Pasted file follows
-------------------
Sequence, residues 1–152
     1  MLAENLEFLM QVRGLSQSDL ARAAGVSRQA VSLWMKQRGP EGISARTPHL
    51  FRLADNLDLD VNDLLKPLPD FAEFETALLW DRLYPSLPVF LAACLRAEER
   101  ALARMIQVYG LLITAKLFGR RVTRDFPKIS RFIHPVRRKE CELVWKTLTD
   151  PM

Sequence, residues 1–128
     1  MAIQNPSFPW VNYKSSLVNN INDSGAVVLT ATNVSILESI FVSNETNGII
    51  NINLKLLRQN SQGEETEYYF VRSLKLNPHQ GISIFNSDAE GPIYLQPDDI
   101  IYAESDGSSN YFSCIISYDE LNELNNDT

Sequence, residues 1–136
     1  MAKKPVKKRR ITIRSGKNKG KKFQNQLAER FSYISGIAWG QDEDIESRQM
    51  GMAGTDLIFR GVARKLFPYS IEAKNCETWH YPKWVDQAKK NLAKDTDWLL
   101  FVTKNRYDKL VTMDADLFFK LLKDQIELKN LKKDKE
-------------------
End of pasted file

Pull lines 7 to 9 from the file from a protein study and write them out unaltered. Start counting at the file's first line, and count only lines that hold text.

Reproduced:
     1  MAIQNPSFPW VNYKSSLVNN INDSGAVVLT ATNVSILESI FVSNETNGII
    51  NINLKLLRQN SQGEETEYYF VRSLKLNPHQ GISIFNSDAE GPIYLQPDDI
   101  IYAESDGSSN YFSCIISYDE LNELNNDT